Review: antibiotics for sore throat reduce symptoms at day 3 and the incidence of rheumatic fever and otitis media
QUESTION: In primary care settings, are antibiotics effective for adults and children with acute sore throats?
Studies were identified by searching Medline with the terms pharyngitis, sore throat, and tonsillitis; the Cochrane Library; the Cochrane Acute Respiratory Infections Group trials register; and bibliographies of included studies. Inclusion dates of the studies were 1945–99.
Controlled trials were selected if they compared antibiotics with placebo, if the patients had symptoms of acute sore throat and were in primary care settings, and if outcomes included incidence of acute rheumatic fever within 2 months, acute glomerulonephritis within 1 month, acute otitis media, acute sinusitis, quinsy (peritonsillar abscess), or symptoms of throat soreness, headache, or fever.
Data were extracted or sought from the authors of trials on study quality, publication date, patient characteristics, antibiotics including duration, outcomes, symptom resolution, and adverse effects.
22 studies (10 484 cases of sore throat) met the inclusion criteria. Most were done in the 1950s although 4 were recently published (1996–99). Analyses of all antibiotics together and only trials of penicillin showed reductions in the incidence of acute rheumatic fever; antibiotics also showed modest reductions in the incidence of acute otitis media, quinsy, and symptoms of fever, throat soreness, and headache at day 3 (table). Antibiotics did not prevent acute glomerulonephritis within 2 months or sinusitis within 14 days. Subgroup analyses showed that these results were not changed when blinding, use of antipyretics, confirmed streptococcus infections, or age of the patients were analysed. Data were insufficient to report on adverse effects.
In patients with acute sore throat, antibiotics provide modest benefit for reducing symptoms of throat soreness, fever, and headache at day 3 and the incidence of rheumatic fever, otitis media, and quinsy.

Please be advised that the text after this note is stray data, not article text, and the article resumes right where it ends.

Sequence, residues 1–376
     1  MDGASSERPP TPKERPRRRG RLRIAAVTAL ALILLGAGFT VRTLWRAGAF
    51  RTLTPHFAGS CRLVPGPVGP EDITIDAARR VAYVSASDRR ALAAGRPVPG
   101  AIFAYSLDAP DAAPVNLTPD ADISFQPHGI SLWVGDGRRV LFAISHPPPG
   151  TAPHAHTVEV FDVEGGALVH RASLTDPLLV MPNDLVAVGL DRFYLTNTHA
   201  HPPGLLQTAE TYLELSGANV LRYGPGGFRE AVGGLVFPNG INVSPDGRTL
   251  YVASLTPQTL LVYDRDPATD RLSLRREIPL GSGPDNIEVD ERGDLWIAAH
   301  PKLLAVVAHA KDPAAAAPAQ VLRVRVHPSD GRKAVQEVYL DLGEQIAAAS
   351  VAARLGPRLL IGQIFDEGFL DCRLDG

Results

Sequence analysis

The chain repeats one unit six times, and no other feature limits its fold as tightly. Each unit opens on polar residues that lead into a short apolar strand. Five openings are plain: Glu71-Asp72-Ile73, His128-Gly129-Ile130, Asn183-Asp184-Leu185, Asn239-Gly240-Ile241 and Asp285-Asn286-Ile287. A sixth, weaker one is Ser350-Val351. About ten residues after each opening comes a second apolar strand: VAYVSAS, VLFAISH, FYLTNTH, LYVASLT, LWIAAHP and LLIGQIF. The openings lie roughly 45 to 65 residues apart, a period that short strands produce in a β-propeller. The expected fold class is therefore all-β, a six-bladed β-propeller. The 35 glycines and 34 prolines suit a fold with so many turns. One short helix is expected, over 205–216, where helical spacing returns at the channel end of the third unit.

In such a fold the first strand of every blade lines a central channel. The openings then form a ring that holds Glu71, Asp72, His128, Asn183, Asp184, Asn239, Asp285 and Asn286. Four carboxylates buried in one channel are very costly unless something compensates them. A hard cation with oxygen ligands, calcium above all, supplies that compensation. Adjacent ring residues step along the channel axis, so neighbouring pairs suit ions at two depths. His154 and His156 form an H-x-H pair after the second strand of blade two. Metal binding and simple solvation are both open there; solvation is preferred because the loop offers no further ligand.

- Penny Lee Demarest, Rn(ec), BScN
Sore throats are a common complaint in primary health care settings. Antibiotics are frequently used to treat sore throats, especially because of the potential link to rheumatic fever. However, with the decreased incidence of rheumatic fever and increasing concern about antibiotic resistance, the emphasis is on appropriate antibiotic use. For this reason, the systematic review by Del Mar et al will be of particular interest to primary healthcare practitioners.
This review is comprehensive, including studies written in any language dating back to 1945. However, many of the 22 trials were conducted in the 1950s, with only 4 published between 1996 and 1999. Many of the studies were of poor quality and their generalisability is questionable. No distinction was made between bacterial and viral sore throats. The most common outcome that the studies examined was rheumatic fever. Only a few trials measured the incidence of otitis media, quinsy (peritonsillar abscess), and sinusitis. Few included a comparison of symptom reduction and the mode of penicillin delivery was not always consistent.
In a recent randomised trial (published after this Cochrane review), Zwart et al compared 7 day with 3 day penicillin treatment for acute sore throat.1 They treated patients with at least 3 of the 4 Centor criteria: history of fever, absence of cough, swollen tender anterior cervical lymph nodes, and tonsillar exudate. These are the same criteria used by many practitioners when assessing acute sore throats. In their trial, they concluded that a 7 day course of penicillin was the most effective treatment for adult patients with sore throat caused by Group A streptococci, and possibly those with 3+ non-group A streptococci. They recommend that reducing duration of treatment should be discouraged.1 They also recommend further refinement of current diagnostic tests to ensure prudent use of penicillin.
The review by Del Mar et al shows that antibiotics provide a small benefit, shortening duration of symptoms by about 8 hours overall. Factors that practitioners need to keep in mind when deciding whether or not to prescribe antibiotics are incidence of complication rates for the community, the importance of symptom relief and avoidance of complications to the patient and society, costs of antibiotics, adverse effects, and issues related to overuse of antibiotics.
Source of funding: no external funding.
For correspondence: Dr C B Del Mar, Centre for General Practice, University of Queensland Medical School, Brisbane Queensland 4006, Australia. Fax +61 7 3365 5442.